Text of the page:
If you need to know when the right time to file for bankruptcy is, then we suggest meeting with a bankruptcy lawyer from The Law Office of Michael A. Ziegler, PL. Under the supervision of the Federal Courts, bankruptcy can be used to dramatically restructure a consumer’s loans or eliminate them altogether. The goal of a Clearwater bankruptcy attorney is to give the consumer a fresh start to better manage their finances. Our goal is to help our clients reach financial stability.
When you find yourself in a financial crisis, you may be wondering what you can do to plan ahead. Should you sell your house? Should you move in with a friend? Would filing for bankruptcy help your situation? Many people are hesitant to file for bankruptcy because it can feel like personal and financial failure. However, bankruptcy is a great tool to use when you need to eliminate and/or reorganize debt.

Our bankruptcy lawyers at The Law Office of Michael A. Ziegler, PL understand the hesitation you may have when it comes to filing for bankruptcy, but it is possible for you to plan ahead to get more comfortable and understand how the process works. We can work with you to determine how you should be budgeting, how you should time your bankruptcy filing, and to see what kind of exemptions there may be.

This may sound like something you would not need to do. Shouldn’t bankruptcy pull you out of debt once you file? However, it takes more planning than that. If you have been able to pay off some of your debt to creditors and are still actively making payments, you may no longer be required to do this after filing for bankruptcy. That now leaves you extra money to budget for yourself each month. When a creditor’s debt will be discharged, such as medical bills and credit card debts, we may encourage you to stop payments.

You may think it is good that you can pay off as much debt as possible. However, once we determine which debt will be discharged it is, frankly, a waste of your money. It is better to use that money to pay off any child support payments you may have missed or your mortgage.

  • Moving. If you are planning to move to another state, the timing for filing bankruptcy is important. If a certain state will allow you to use exemptions to keep more property when you file for bankruptcy, you want to make sure you aren’t setting yourself up for the opposite by moving to another state.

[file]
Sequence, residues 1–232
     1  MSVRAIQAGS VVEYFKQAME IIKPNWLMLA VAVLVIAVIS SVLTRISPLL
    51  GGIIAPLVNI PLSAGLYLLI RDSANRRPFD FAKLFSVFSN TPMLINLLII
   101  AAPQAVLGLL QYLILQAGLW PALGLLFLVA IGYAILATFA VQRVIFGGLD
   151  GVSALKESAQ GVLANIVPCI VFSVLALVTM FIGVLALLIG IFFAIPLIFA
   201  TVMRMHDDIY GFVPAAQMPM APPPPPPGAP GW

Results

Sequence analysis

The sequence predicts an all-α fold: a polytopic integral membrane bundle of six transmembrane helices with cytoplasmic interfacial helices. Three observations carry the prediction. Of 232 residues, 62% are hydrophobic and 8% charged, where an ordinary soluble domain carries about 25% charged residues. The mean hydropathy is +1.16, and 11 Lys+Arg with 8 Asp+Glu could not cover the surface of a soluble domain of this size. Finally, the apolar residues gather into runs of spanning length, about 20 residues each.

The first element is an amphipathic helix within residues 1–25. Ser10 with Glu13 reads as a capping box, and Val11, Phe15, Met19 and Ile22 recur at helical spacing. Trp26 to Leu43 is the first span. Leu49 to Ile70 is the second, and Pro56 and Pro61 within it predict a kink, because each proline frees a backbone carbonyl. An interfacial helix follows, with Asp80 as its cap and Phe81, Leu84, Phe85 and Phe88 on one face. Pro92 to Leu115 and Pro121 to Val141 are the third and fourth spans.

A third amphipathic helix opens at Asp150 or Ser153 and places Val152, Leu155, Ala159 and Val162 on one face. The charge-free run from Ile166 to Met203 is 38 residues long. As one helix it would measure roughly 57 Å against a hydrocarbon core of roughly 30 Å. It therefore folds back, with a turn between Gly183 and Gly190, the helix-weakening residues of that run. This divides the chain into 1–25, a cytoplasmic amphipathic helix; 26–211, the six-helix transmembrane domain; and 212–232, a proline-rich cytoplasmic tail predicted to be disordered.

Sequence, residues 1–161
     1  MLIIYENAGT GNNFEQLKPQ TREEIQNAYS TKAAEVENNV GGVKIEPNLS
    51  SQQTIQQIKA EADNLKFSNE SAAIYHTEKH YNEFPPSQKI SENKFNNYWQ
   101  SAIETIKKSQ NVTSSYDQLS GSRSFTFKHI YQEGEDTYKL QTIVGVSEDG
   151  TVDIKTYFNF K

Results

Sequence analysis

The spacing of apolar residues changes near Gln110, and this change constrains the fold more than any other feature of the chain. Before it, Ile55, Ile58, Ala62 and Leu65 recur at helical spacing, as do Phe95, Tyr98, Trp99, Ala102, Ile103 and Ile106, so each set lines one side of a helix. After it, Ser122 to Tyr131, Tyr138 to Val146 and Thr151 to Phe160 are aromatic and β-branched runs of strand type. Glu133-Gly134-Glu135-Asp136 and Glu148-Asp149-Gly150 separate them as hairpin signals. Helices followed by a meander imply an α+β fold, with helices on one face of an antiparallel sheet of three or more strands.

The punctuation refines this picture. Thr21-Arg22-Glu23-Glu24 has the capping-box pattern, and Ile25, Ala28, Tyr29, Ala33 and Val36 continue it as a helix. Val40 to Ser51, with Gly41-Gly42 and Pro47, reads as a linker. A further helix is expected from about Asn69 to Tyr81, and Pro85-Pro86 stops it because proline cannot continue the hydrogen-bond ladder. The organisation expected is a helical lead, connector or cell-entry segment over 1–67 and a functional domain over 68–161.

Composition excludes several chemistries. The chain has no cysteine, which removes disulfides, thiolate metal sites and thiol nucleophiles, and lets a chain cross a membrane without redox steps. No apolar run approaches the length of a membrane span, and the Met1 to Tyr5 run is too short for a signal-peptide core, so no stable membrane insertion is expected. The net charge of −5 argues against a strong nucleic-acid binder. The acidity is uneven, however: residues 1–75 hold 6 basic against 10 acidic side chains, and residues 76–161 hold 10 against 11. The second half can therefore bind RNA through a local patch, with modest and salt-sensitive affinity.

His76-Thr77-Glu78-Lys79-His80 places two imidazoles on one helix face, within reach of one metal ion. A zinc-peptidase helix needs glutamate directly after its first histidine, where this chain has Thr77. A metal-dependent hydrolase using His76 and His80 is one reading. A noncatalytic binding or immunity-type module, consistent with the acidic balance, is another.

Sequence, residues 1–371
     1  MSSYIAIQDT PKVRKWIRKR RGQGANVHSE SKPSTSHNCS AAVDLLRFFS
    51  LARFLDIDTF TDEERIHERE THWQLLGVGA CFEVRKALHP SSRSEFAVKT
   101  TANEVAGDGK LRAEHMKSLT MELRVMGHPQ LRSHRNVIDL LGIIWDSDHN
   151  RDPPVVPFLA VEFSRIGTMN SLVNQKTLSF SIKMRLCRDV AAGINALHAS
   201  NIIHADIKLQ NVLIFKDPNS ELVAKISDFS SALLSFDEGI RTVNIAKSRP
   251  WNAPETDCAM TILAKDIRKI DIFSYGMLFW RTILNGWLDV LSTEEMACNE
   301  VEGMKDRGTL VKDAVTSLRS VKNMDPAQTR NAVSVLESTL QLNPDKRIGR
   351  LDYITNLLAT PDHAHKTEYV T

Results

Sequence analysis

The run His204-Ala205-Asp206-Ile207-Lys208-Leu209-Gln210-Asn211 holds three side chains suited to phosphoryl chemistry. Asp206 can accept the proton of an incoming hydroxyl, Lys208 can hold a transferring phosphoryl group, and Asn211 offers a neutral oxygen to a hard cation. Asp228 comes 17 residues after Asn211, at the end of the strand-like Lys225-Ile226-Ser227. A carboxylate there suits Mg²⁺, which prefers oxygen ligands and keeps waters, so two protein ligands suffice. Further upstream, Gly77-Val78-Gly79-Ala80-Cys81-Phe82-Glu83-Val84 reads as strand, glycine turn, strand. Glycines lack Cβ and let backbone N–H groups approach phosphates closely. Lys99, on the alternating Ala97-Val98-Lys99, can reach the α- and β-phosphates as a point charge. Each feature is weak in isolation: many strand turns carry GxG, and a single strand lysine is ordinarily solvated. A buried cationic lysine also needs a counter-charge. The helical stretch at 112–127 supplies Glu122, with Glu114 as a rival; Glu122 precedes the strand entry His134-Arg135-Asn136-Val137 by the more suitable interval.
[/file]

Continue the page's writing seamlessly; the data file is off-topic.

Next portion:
• Bills. When you file for bankruptcy, it does not eliminate your future debt. Instead, it eliminates the debt that you have already accrued. So, if you are hoping to wipe out your medical bills but know that you still have thousands of dollars of medical bills coming in the future, you will still need to pay those. It is best to discuss any future debt you know you will have with your bankruptcy lawyer so that we can advise you on the best timing. 
Filing for bankruptcy can be beneficial if used appropriately, such as when:

  • A consumer has multiple debts that are behind
  • A consumer has lost the income to support the payments due on their loans
  • A consumer is upside down on their home loan or other secured debts
  • A consumer is being garnished
  • A consumer is on the verge of losing their home to foreclosure
While bankruptcy can provide tremendous benefits, filing without the proper guidance from a bankruptcy lawyer at The Law Office of Michael A. Ziegler, PLcan be devastating. In fact, without the help of a bankruptcy lawyer in Clearwater, consumers might find themselves worse off than before!

Bankruptcy has numerous requirements under State and Federal law. Additionally, a bankruptcy petition requires a substantial amount of documentation. If the paperwork is not properly completed, a consumer may be forced to turn their property over to the bankruptcy court when they may not otherwise have been required to do so. Even worse, the consumer’s case may simply be dismissed.

Hiring a bankruptcy lawyer helps ensure your rights are upheld. You stand the best possible chance of securing financial stability with the assistance of a professional.

We have filed bankruptcy cases under both Chapter 7 and Chapter 13 of the United States Bankruptcy Code. With years of experience as lawyers for bankruptcy, we have adequate knowledge of both state and federal regulations. During the initial meeting, we’ll determine if you meet the bankruptcy qualifications.

The content of this page is general information for educational purposes only and does not constitute as advice for bankruptcy. You can reach our law firm at (727) 538-4188. To meet with a qualified lawyer for bankruptcy insight at The Law Office of Michael A. Ziegler, PL simply fill out the form to the right or give us a call.